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Decrease Stress and Make Your Daily Transitions More Routine

Updated on October 28, 2019
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Cygnet Brown is a high school and middle school substitute teacher. She is the author of fourteen books and a long-time gardener.


Relationship Between Transitions and Routine

Routines make us more efficient. They make it so we don’t have to plan every detail, and creates structure in our lives thereby saving time, our most valuable resource. Routines are composed of good habits that help us replace bad ones. With practice, routines help you become better at what you do, and helps you prioritize and complete what’s most important. Because routines are a series of habits, they decrease the need for will and determination as well as reduce procrastination and increase momentum. They reduce stress and facilitate relaxation, saves money and builds confidence. Creating routines throughout your day can free up time to do other things that are not so routine thereby helping us achieve our goals and keep track of our success.

Transitions during the day can either be time-wasting or time-enhancing. By creating routines, we can make better use of those transitions. To make the most of our daily routines, we should focus on making the transitions we go through every day more routine.

I find that the best daily routine to start evaluating and perfecting isn’t the first transition of the day, but the last one of the day.

End Your Day with the Beginning in Mind

Begin your daily routines with your evening routine rather than your morning routine. Figure out what you can do in the evening that will free up your morning routine. Make your morning coffee now. Lay out clothes for the morning. Move your alarm clock to the other side of the room and get to sleep at a reasonable hour. Each evening assess how well you did during a specific daily routine.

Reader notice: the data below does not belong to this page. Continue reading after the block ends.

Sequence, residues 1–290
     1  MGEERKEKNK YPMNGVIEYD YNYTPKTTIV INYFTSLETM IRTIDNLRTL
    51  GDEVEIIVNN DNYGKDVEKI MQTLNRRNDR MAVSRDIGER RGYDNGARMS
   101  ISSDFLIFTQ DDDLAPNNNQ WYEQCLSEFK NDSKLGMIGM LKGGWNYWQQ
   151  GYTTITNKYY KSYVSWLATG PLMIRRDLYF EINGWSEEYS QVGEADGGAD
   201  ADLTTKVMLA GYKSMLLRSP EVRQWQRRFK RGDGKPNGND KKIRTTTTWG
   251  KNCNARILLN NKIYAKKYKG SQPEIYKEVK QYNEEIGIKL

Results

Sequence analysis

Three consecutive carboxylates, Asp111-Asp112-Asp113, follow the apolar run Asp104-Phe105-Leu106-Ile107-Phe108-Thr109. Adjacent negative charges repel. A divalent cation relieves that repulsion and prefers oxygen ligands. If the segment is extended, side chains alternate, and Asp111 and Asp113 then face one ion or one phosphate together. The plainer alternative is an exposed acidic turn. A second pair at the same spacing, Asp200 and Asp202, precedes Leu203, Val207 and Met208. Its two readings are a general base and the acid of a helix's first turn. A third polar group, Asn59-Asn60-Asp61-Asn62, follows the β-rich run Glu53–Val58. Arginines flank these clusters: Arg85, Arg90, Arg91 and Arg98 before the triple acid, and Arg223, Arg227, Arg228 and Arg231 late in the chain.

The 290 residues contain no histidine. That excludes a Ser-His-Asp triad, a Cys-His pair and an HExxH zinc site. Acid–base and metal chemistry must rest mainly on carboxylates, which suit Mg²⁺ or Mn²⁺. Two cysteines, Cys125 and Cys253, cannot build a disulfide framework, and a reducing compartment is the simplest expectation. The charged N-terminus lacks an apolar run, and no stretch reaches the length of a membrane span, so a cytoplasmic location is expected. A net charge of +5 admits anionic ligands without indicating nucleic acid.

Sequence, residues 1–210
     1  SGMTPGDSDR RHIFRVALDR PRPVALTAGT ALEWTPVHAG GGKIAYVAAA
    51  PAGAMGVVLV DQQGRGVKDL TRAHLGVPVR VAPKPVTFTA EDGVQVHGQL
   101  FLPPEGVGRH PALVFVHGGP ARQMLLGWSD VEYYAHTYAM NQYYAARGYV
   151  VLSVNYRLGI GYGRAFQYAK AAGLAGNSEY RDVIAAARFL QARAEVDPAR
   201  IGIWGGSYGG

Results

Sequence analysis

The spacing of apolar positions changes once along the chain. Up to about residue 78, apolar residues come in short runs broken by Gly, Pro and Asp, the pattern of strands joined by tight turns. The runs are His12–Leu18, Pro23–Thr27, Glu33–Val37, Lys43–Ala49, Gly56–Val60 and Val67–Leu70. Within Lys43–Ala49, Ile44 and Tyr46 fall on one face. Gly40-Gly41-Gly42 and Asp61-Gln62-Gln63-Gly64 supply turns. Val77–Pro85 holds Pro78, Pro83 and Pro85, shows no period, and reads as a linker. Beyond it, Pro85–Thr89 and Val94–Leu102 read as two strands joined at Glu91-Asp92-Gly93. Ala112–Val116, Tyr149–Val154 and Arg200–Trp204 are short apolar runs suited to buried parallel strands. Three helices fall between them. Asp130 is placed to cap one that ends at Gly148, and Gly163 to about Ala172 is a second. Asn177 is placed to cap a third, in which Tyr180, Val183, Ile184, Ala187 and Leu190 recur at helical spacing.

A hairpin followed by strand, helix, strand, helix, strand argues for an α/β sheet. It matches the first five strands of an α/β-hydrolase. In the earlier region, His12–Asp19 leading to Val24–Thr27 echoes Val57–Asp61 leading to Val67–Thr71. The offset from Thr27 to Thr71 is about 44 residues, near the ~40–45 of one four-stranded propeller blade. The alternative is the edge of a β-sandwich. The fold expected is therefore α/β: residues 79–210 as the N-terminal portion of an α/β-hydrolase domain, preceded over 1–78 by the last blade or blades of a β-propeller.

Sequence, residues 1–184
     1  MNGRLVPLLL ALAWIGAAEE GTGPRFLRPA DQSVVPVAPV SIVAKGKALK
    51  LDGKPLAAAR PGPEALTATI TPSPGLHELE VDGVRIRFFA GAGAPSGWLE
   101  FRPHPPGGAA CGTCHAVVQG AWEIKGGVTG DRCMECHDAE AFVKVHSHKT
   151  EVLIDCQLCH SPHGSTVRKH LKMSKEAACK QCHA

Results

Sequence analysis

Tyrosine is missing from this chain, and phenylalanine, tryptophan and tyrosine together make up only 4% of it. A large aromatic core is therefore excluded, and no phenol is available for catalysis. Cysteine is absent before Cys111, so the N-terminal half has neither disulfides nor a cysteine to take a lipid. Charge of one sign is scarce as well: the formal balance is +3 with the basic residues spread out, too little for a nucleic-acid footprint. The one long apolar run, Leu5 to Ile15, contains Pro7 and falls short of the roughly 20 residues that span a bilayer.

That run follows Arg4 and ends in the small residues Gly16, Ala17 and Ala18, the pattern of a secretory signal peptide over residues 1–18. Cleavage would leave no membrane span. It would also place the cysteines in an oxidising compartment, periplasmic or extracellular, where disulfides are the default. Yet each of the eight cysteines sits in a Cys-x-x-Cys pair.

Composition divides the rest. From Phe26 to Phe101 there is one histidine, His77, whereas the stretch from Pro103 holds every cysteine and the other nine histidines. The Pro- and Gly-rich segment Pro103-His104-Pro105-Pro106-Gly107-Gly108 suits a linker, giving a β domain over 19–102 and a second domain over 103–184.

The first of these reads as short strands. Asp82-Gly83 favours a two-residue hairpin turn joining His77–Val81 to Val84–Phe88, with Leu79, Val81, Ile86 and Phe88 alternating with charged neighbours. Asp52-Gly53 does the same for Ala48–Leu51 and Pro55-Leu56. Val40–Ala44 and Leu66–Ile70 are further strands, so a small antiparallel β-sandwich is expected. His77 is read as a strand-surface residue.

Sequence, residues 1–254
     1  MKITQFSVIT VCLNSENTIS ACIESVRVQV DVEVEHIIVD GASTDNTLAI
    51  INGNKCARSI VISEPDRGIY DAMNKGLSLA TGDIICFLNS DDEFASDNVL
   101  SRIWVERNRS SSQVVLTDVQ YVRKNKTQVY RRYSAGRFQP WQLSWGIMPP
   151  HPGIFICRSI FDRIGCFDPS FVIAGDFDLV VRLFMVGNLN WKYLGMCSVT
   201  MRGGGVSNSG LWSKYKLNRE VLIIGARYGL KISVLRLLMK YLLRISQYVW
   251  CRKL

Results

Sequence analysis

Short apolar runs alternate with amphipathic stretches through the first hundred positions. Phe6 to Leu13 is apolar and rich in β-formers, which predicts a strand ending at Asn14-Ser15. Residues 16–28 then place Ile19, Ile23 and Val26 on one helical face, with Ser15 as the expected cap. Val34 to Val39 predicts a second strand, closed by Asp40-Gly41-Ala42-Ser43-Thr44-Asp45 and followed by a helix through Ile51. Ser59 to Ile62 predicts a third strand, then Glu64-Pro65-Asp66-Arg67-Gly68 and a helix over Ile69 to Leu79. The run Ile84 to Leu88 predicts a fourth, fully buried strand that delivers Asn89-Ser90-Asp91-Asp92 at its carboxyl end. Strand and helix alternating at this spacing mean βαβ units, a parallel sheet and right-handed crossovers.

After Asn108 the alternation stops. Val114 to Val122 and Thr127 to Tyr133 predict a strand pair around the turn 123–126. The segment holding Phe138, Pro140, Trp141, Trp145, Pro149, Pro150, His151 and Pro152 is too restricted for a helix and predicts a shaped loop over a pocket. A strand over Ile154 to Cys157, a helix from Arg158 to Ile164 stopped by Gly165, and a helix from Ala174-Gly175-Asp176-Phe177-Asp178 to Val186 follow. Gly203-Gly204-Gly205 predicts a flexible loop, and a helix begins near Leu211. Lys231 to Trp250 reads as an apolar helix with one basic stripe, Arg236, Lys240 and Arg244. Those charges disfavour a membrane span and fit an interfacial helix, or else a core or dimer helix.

Morning Routine

Now that you’ve cleared out your morning routine, figure out what you want to do with the time that you’ve cleared out. If you want, use it to ease into your day, rather than having to jump into it running. Use your freed morning time to get a jumpstart on a project that you have been meaning to do.

Once you have this well-established, start looking at your other daily routines and see how you can better streamline them. Look over how you handled that morning’s routine. Is there any way that you can be more efficient in that routine? Is morning the best time for you to exercise or would you feel better if you exercised at the end of your 9-5 workday? Figure out what works best for you and then do it!

On the Way to Work

Instead of listening to music or the news, listen to a motivational podcast on your phone or if you’re taking your children to school or daycare, create conversation with them that will draw you closer together rather than apart.

Drop the dog off at the groomers or vet.

Writing a book? Consider speaking your book into a recorder during your commute.

Your Lunchtime Transition